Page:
The fact that a legal practitioner has to apply for the conferment of the rank has also been criticised. This is not the tradition in England. Eminent lawyers such as the late J.A. Cole refused to apply for the conferment of the rank. The late J.A. Cole was in the rank of Chief F.R.A. Williams. Eminently qualified lawyers refuse to apply today. The application fee of N200,000.00 (two hundred thousand naira) will not deter many lawyers from applying, but will it be convenient for legal practitioners in government services and Professors in the Universities to apply?

Some legal practitioners who practise outside the courtrooms have been clamouring that such be appointed as SAN. Presently advocates with cases concluded at the High Court, Court of appeal and the Supreme Court over a ten-year period are considered; academics who have contributed to the development of the law through their publications are also considered. The author of this article stands to be corrected, he was informed that such academic applicants must come from the institutions of higher learning. This is unfair, the likes of Chief Gani Fawehinmi whose legal publications a lawyer discards at his peril would not have made the rank of SAN, same for Deji Shasegbon SAN.

The lawyers operating outside the courtroom in solicitor practice should be recognised in a different way. Such legal practitioners in solicitor practice could have a law society. Perhaps such lawyers within the legal profession and outstanding solicitors should be conferred with Fellowship of the Law Society (FLS).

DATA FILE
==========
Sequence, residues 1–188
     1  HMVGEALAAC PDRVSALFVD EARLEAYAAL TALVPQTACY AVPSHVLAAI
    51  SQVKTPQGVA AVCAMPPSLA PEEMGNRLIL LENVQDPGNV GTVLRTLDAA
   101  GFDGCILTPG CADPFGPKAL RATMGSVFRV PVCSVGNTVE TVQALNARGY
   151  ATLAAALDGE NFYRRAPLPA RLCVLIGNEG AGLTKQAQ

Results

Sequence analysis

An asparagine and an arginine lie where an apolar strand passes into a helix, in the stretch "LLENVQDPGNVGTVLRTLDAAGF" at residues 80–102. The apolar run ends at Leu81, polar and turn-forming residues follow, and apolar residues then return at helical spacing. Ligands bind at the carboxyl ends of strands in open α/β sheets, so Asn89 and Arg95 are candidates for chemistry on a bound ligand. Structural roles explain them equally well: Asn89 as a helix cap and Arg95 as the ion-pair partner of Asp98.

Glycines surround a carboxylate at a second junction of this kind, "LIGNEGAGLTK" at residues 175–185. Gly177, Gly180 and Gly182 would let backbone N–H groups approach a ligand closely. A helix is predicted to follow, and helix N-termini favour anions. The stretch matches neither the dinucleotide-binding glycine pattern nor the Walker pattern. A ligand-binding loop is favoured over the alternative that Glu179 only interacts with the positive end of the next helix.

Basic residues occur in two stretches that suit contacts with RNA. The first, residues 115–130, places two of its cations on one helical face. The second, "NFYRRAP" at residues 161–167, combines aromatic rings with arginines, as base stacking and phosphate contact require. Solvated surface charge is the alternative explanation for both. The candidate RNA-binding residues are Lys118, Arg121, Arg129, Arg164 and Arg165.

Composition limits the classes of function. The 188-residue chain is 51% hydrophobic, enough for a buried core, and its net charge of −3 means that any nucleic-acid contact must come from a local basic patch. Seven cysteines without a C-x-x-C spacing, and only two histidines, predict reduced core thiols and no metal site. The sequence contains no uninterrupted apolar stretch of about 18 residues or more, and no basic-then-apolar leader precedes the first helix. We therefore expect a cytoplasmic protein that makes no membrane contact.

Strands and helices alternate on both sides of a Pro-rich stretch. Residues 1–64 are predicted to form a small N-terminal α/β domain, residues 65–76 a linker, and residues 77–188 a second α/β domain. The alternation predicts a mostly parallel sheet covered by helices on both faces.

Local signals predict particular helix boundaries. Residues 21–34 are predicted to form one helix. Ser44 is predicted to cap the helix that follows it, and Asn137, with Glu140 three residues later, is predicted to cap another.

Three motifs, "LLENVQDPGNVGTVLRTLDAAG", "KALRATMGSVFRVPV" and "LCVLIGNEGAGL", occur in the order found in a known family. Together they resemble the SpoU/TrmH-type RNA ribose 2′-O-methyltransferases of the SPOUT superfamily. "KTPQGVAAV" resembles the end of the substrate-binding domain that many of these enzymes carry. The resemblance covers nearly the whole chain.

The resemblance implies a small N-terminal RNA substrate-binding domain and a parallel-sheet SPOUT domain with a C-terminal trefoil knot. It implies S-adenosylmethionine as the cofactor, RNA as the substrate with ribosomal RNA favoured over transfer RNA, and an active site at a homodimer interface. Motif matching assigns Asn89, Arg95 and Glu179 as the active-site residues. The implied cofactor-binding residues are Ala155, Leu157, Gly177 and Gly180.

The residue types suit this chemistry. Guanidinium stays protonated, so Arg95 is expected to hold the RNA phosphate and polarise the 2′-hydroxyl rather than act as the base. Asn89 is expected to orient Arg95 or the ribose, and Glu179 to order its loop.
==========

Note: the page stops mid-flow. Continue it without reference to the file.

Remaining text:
Nigerians by our culture love recognition. The average pastor is Rev. Dr. Tamedu. Many people with doctorate degree no longer bear doctor. They prefer to put just Ph.D. after their names. Chieftaincy titles might not be fashionable; every Nigerian who runs into money is a chief. Professional qualifications such as the conferment of SAN should be guarded from being abused. It is not meant for social status. Many medical Consultants are not known and recognised outside the hospitals. The SAN's services is expensive, he is a specialist. The client is paying more for the services he renders, the average client will be wary of obtaining the services of such. This is the practice in England.

The input by the public might not be of much use. A zealous applicant can cause his friends to write favourable things about him. Though a serious objection about the conduct of a nominee in and out of the court can be helpful, such nominee if the case against him is to be properly investigated might not be conferred with the rank that year.

One would suggest that there should be honourary SANs. These are lawyers of eminence who do not apply but are worthy of the rank of SAN. Such a person is the late Mr. J.A Cole. There are such eminently qualified lawyers today at the Bar and in academics. The "borrowing of briefs" by aspiring applicants cannot be stopped. Lawyers hold briefs for their colleagues. Applicants in the name of pro bono briefs go to the prisons in search of condemned prisoners for appeal cases. Lawyers should know that rank acquisition is not the only measure of success.

Things are changing in the profession. Our ambition should be governed by reasons, as there is no end to what men want to achieve. A legal practitioner is no longer satisfied with making the rank of SAN, he wants to see how many SANs he can "install". Some have in their Chambers two or more SANs.